If I Were a Coal Executive

By Keith Kloor | July 11, 2013 9:34 am

If I were a coal executive I wouldn’t worry about a solar and wind revolution (see Germany’s Energiewende) or President Obama putting me out of business. I’d be worried about the shale gas revolution (and I’d hope environmentalists were successful in stopping it).

If I were a coal executive, I’d want fear to continue dominating public discussion of nuclear power. I’d want nuclear reactors to remain prohibitively expensive. And I’d want climate hawks to keep chasing green energy pixie dust.

If I were a coal executive, I’d root against state-of-the-art nuclear technology. I’d worry if a new documentary that punctured widely held myths and misinformation about nuclear power was taken seriously within the environmental movement. I’d be reassured by the dismissive (talk the hand!) reaction to it by greens and climate hawks.

If I were a coal executive, I would not want anyone who worries about climate change to take Mark Lynas seriously when he writes in his new e-book:

With an Apollo Program scale-up of nuclear and other low- carbon power sources we still – just about – have time to avoid the worst of global warming. This will require a lot of burying of hatchets, however. Most importantly, the pro-renewables and pro-nuclear tribes will have to join forces if we are to confront the vested interests which threaten to keep this planet on its current trajectory towards disaster.

If I were a coal executive, I would hope that the climate-concerned community continues to thumb its nose at nuclear power.

  • Buddy199

    Even if Obama tries to strangle the coal industry here the coal will be sold to and burned by overseas buyers, so not to worry if you’re a coal exec or industry worker. Coal is being supplanted by natural gas because of technological breakthroughs and market forces, not political fiat. Those are the elements that will ultimately create a new non-fossil energy economy. As Germany discovered, naive wishful thinking and political manipulation can’t trump scientific facts and market forces inherent to energy production and usage.

    • Tom Scharf

      Yes, I wonder why Obama is going on with his war on coal when market forces are doing it for him anyway. It’s taking on a political liability for not much payback.

      The crap hits the fan if they try to tax coal exports. You can be certain many demented greens will be fantasizing on this one.

      • Buddy199

        Think about it. The coal industry is centered mostly in red states so killing it doesn’t cost him politically and his green backers are thrilled, so it’s a winner. He can also brag that U.S. CO2 emissions are at their lowest level in 20 years, implying that it’s because of his policies when in fact it’s due to the nat gas revolution he had nothing to do with and impedes in every way he can. Taxing coal exports? I’d give it a very high likelihood – done with the same rationale as taxing the evil tobacco industry, all “for the children”, of course.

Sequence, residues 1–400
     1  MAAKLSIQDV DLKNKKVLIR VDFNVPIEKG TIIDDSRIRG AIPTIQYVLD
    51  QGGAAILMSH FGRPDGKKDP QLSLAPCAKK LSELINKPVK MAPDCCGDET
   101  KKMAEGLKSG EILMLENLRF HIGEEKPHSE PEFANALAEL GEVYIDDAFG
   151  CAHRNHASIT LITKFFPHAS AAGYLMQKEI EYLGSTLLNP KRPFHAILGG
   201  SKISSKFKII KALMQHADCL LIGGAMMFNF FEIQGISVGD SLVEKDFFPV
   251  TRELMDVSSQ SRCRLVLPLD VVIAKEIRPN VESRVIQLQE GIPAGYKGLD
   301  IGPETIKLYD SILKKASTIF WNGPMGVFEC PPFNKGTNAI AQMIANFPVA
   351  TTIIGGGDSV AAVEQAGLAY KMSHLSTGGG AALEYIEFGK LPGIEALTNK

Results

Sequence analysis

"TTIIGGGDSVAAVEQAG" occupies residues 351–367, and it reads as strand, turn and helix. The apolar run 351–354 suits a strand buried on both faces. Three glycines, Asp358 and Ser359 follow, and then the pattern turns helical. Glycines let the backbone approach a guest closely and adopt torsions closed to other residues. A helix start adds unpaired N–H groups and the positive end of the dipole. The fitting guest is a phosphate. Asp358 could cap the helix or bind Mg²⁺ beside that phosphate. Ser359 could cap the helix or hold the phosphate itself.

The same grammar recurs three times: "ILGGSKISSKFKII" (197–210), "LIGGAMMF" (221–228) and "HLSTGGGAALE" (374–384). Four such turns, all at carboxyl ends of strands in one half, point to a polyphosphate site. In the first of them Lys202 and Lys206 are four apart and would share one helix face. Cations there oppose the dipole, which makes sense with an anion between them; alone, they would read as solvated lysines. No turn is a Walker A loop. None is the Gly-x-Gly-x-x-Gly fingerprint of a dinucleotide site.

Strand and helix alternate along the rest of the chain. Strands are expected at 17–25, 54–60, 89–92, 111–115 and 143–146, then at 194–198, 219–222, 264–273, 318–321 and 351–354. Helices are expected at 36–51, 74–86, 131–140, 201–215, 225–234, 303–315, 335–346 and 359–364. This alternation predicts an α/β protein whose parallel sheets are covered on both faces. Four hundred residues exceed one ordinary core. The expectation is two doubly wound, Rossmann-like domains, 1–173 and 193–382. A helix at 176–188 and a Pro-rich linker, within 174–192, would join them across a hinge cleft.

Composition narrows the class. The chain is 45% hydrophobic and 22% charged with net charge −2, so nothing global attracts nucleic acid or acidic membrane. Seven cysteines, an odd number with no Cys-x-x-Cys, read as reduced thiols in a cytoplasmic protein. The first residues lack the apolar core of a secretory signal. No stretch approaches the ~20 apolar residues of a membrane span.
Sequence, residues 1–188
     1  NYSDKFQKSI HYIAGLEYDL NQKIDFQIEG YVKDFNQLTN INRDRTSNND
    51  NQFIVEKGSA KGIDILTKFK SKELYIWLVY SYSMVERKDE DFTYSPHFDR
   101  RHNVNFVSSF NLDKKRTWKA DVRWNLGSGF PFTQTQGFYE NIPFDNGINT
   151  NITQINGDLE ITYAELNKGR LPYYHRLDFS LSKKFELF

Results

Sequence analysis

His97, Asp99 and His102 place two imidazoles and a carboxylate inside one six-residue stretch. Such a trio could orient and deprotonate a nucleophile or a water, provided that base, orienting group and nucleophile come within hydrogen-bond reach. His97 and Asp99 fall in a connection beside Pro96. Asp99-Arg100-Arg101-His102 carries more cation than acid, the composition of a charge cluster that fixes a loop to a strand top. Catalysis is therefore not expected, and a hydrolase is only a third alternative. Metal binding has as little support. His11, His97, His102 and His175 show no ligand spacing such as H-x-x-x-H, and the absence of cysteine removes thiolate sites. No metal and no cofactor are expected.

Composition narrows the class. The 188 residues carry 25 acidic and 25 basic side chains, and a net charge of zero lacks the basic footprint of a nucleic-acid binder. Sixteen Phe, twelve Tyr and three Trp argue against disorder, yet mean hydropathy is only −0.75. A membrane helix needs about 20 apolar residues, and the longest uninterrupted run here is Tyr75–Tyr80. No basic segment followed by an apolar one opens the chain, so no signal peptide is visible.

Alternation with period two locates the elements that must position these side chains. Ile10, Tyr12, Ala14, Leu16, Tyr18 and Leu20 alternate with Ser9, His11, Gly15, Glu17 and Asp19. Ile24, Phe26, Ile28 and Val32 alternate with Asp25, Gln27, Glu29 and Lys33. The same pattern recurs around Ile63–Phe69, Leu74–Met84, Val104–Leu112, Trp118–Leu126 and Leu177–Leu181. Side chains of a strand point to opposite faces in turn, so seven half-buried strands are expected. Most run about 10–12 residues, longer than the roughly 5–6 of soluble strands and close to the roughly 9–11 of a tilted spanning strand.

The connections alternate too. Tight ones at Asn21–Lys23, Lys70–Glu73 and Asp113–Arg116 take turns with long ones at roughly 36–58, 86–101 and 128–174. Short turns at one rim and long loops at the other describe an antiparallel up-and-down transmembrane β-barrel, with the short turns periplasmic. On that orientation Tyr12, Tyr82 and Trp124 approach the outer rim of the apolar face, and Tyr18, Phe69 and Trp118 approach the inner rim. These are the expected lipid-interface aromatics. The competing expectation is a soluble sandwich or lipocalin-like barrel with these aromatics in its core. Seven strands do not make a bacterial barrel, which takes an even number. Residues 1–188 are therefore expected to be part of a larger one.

• jh

          Not only that, but crushing the coal economy is a great way to take money out of the pockets of Republicans and their supporters.

          • Buddy199

            Your cynical tone leads me to believe it’s not all about the polar bears, sir!

          • jh

            No cynicism, buddy, just cold, hard facts.
            Both parties play almost exclusively to their bases. That’s why almost nothing gets done.

    • jh

      “naive wishful thinking and political manipulation can’t trump scientific facts and market forces…” (my bold)

      It might be better to say they didn’t, in this case, trump market forces. But that’s mostly because of an ill-timed financial crisis that forced Europe to stop throwing money down the drain on renewables.

      “the coal will be sold to and burned by overseas buyers”

      Not if environmentalists here in the PNW have anything to say about it. They’re working very hard to find any excuse in the book to prevent new coal export terminals in OR and WA, buying “research” on the effects of coal dust from trains on rivers, lakes and in the air; studies on how train traffic will supposedly clog up the economy – any edge they can find – with the full support of our Dem senators, congressional reps, governors and state legislators.

      Remember, our elected officials don’t do what’s best for all Americans, they do what’s best for their paying constituencies.

  • Scott

    you mean if i were a coal executive?

    • kkloor

      Yup. If only I wuz properly caffeinated, maybe I wouldn’t be such a dunce.

  • carolannie